2. Keep an open mind.
Whatever you know about children with special needs could be challenged with the next child who walks in your door. God is a big God and He creates each of us with our own unique gifts, talents and challenges. The greatest gift of children with special needs in the church is that they keep us relying on God. What helps one child with autism stay focused on the lesson might cause a lot of anxiety in another child with autism. One child might always stay really calm during worship until you decide to turn off the lights and then all of the sudden you have a child running out of the room. Even though you think you know what to expect, you will likely find yourself at a loss for what to do. All of the most established special needs ministries find themselves scratching their heads on a regular basis, and they’ve seen a lot of different kids and disabilities. This is where God does BIG things. Keep an open mind and be ready to see God work in mighty ways.
3. Keep the end goal in mind.
The goal of every ministry is to point the children to a relationship with Christ. This is the same goal for our kids with special needs. We want ALL kids to know Christ and have a personal relationship with Him. While this sounds like a clear statement, oftentimes it’s easy to find ourselves more concerned with behavior in class or the appearance of the class than with the message. It’s hard because we all spend so much time and effort planning out how the class is going to work, pulling together activities and getting the pieces of the curriculum ready that we get really frustrated when one child refuses to come sit in the circle to listen to the message. Sometimes parents have even been called because one child refuses to come out from under the table to join the small group. Let’s challenge the idea that you must come out from under the table to join a small group and hear the message of Christ. Does the Bible have the same message when being read under a table as it does when being read in a perfectly formed circle in the middle of the room? Of course it does. Then why are we so insistent on having a child move out from under the table to hear the message? Why can’t we take the message under the table if we’re keeping our end goal in mind?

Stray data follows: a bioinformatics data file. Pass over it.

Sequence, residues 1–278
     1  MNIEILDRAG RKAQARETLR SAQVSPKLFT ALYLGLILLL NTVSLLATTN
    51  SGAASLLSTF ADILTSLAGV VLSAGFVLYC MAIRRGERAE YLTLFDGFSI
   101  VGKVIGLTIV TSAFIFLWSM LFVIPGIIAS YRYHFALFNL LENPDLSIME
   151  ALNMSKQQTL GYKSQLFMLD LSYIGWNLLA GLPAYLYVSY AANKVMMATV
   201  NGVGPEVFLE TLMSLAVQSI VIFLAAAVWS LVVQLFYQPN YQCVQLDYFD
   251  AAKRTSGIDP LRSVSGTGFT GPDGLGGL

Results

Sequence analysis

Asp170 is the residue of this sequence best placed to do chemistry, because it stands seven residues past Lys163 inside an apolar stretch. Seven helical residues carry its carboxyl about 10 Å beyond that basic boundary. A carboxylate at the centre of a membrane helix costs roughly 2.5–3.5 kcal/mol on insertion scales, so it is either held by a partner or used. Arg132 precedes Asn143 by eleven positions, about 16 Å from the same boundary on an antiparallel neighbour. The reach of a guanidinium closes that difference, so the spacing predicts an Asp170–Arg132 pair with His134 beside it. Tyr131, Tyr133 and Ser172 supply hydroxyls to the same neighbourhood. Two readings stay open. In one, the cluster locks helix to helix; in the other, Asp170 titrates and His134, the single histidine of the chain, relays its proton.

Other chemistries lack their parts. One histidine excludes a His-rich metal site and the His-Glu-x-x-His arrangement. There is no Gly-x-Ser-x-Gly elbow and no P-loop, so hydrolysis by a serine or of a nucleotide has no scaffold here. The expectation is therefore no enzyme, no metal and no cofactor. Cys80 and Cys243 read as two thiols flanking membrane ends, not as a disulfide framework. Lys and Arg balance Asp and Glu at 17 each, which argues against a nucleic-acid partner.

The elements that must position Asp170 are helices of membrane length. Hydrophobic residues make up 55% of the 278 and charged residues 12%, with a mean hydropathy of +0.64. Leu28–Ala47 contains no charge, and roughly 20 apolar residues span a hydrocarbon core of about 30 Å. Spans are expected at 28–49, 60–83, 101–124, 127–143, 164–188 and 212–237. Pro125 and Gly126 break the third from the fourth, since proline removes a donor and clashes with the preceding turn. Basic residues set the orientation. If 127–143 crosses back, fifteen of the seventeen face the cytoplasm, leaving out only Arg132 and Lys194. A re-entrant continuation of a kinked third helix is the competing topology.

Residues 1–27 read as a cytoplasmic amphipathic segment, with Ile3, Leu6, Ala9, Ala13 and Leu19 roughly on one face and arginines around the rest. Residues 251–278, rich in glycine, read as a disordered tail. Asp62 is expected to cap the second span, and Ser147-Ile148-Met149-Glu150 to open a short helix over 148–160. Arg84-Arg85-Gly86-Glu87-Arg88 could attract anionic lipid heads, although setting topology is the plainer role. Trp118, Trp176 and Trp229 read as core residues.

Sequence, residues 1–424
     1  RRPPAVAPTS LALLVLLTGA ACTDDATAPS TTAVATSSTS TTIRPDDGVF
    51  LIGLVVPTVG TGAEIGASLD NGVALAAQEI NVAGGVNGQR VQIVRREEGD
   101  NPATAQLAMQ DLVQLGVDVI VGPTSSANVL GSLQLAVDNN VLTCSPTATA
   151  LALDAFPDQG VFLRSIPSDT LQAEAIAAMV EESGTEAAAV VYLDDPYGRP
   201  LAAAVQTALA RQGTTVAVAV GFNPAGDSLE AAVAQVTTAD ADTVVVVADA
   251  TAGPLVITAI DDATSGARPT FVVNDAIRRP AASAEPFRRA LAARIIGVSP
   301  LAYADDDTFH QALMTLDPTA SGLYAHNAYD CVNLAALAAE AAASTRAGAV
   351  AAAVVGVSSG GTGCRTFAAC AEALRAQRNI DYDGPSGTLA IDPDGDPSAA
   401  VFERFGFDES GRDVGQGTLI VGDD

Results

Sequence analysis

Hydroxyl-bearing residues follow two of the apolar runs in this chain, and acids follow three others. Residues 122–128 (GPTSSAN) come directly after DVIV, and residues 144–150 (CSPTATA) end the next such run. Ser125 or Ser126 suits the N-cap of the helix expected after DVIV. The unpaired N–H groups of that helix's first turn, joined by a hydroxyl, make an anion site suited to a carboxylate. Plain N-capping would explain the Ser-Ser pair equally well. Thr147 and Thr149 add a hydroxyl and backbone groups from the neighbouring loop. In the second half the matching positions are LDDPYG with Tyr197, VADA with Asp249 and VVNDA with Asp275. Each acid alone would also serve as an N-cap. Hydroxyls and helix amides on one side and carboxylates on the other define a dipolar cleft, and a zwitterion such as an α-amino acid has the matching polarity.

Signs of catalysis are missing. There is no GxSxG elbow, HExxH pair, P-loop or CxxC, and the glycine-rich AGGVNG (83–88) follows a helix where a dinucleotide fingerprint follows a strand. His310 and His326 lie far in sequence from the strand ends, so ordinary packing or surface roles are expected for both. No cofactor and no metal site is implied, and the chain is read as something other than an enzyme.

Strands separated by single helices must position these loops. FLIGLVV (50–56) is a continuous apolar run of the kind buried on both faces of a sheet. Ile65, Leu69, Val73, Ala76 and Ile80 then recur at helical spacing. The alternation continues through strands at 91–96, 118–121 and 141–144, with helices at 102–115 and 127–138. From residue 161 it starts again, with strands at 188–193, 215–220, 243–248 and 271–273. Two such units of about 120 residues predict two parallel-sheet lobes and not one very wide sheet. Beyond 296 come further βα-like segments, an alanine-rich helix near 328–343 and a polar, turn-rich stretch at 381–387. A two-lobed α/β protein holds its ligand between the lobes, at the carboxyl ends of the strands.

Most churches that don’t have a formal special needs ministry are already doing everything they need to welcome kids with special needs. There’s no magic formula or special curriculum needed. Communication, open minds and a goal of a relationship with Christ are all things most churches are already doing for all the families in their ministry, it just takes extra thought to make sure you’re sharing the love that you have for ALL kids translates to the families with children with special needs who will be walking through your doors.
This article originally appeared here.